Japan Institute for National Fundamentals

Speaking out

Tadae Takubo

【#487】Friendly, Objective Study Required for Ally

Tadae Takubo / 2017.12.27 (Wed)

December 25, 2017

     This year’s international situation featured North Korea’s reckless nuclear and missile tests, China’s unhesitant, dangerous rise and U.S. President Donald Trump’s unpredictable words and actions. While studies in Japan on North Korea and China have made considerable progress, those on the Trump administration of Japan’s familiar ally have been insufficient. The characteristics of the Trump administration have yet to be precisely analyzed. Complicated changes that cannot be judged by pro- or anti-Trump standards have been occurring in the United States and Europe.

Brzezinski’s warning
     Two decades ago, Zbigniew Brzezinski, a former U.S. presidential national security adviser, authored a book titled “The Grand Chessboard,” warning that the world would find itself in a dangerous situation unless China outside democratic rules is blocked from dominating the Eurasian continent. At the same time, he branded Japan as a de facto U.S. protectorate that must consult with the United States on diplomatic and military affairs. Such branding, though irritating, represents a truth. However, I doubt if Brzezinski could predict various frictions accompanying the Trump administration’s birth in the United States and its “America First” initiative.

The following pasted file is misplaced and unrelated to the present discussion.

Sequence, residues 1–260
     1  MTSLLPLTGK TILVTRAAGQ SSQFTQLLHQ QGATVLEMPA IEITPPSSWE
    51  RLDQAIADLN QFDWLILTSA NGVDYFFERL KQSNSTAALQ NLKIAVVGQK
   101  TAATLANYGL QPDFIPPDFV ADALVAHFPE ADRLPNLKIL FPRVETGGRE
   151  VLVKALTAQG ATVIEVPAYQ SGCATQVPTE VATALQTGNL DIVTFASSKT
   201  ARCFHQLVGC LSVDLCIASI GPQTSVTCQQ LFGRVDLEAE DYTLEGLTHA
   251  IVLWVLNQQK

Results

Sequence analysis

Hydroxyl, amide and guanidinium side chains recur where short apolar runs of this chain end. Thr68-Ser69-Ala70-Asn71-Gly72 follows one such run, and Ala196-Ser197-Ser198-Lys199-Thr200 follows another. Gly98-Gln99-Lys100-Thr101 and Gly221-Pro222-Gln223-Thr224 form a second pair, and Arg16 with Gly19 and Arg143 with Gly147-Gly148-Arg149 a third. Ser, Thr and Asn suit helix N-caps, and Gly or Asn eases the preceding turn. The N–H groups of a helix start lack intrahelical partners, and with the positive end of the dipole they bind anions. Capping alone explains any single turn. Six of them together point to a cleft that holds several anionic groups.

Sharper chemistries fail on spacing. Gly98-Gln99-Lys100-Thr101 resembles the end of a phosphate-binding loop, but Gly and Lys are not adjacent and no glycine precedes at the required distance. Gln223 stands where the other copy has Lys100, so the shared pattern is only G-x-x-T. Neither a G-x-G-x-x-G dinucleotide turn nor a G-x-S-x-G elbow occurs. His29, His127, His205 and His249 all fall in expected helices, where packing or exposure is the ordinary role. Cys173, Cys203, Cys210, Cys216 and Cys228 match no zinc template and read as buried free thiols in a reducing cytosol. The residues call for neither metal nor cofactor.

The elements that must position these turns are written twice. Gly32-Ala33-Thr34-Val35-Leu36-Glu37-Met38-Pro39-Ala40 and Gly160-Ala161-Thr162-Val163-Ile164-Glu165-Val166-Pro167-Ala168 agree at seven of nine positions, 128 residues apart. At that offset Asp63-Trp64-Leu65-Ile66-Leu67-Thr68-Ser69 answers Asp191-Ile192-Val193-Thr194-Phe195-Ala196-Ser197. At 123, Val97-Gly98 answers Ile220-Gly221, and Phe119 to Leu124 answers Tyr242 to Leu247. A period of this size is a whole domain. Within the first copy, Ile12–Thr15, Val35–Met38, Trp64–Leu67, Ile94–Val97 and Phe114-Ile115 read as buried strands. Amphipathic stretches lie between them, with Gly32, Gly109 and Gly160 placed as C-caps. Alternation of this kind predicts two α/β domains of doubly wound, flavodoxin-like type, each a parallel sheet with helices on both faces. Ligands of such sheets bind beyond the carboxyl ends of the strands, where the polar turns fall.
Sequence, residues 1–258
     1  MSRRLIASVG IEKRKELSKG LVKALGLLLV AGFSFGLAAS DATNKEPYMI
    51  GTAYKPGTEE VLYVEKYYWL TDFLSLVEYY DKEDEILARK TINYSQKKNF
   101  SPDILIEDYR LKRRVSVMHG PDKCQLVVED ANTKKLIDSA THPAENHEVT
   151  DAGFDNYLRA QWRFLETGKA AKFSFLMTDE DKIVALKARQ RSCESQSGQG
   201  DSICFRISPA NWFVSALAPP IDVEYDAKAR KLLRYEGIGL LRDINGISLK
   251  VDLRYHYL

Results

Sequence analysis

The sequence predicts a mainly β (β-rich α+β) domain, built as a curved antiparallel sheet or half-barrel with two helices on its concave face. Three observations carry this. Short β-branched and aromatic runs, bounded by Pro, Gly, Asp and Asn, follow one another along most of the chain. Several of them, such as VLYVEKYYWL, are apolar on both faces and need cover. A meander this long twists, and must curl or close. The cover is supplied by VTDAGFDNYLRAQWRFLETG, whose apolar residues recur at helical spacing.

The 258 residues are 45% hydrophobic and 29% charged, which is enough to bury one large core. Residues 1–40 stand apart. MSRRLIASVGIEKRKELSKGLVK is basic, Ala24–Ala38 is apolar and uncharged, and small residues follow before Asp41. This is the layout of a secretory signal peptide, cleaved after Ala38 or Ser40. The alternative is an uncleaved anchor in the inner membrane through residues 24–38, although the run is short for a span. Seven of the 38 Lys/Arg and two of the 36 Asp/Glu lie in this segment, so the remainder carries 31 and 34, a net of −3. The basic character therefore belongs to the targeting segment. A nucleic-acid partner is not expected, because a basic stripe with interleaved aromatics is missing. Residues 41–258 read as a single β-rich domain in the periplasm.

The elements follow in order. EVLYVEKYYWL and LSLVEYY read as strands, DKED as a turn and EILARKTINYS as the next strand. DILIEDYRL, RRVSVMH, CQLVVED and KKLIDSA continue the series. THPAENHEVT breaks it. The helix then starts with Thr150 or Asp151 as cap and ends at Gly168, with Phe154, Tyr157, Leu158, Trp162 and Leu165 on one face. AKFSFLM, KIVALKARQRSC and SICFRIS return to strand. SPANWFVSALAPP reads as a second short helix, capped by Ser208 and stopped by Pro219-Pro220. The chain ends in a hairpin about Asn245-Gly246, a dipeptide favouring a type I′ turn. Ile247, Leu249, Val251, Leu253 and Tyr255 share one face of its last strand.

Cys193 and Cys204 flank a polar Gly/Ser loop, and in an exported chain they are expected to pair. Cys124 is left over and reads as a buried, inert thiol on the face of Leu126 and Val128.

In the international order before the emergence of President Trump, purposes and means had been clearer. For the two purposes of helping postwar reconstruction in Europe and other parts of the world and countering communism that had already been showing claws and fangs, then Secretary of State Dean Acheson under President Harry Truman liberalized trade and expanded Western democracy. The free flow of people, goods and money has naturally brought about globalization, while communism has collapsed.

What is the intention of the U.S. administration?
     Saying no to globalization first was Europe. None can tolerate the free flow of terrorism along with the free flow of people. Opposition to illegal immigration, refugees and globalization emerged in Europe before leading to the election of President Trump in the United States. Liberal media have described the new movement as far right and populist. I suspect such description may miss an essential point. If President Trump is populist, he may not continue to shout “America First.”
     The only document that can be used to know the true intention of the Trump administration is its National Security Strategy published on December 18. After U.S. friends and foes remained unclarified, I was relieved to see the strategy identified transnational actors (including jihadists), revisionist powers (China and Russia) and rogue dictatorships (Iran and North Korea) as U.S. competitors and asserted “peace through strength.” In the economic area, however, the NSS strongly insisted “America First.” The United States and its allies are thus destined to cooperate in security and conflict over trade.
     I would like to take a friendly, objective attitude in studying Japan’s ally.

Tadae Takubo is Vice President, Japan Institute for National Fundamentals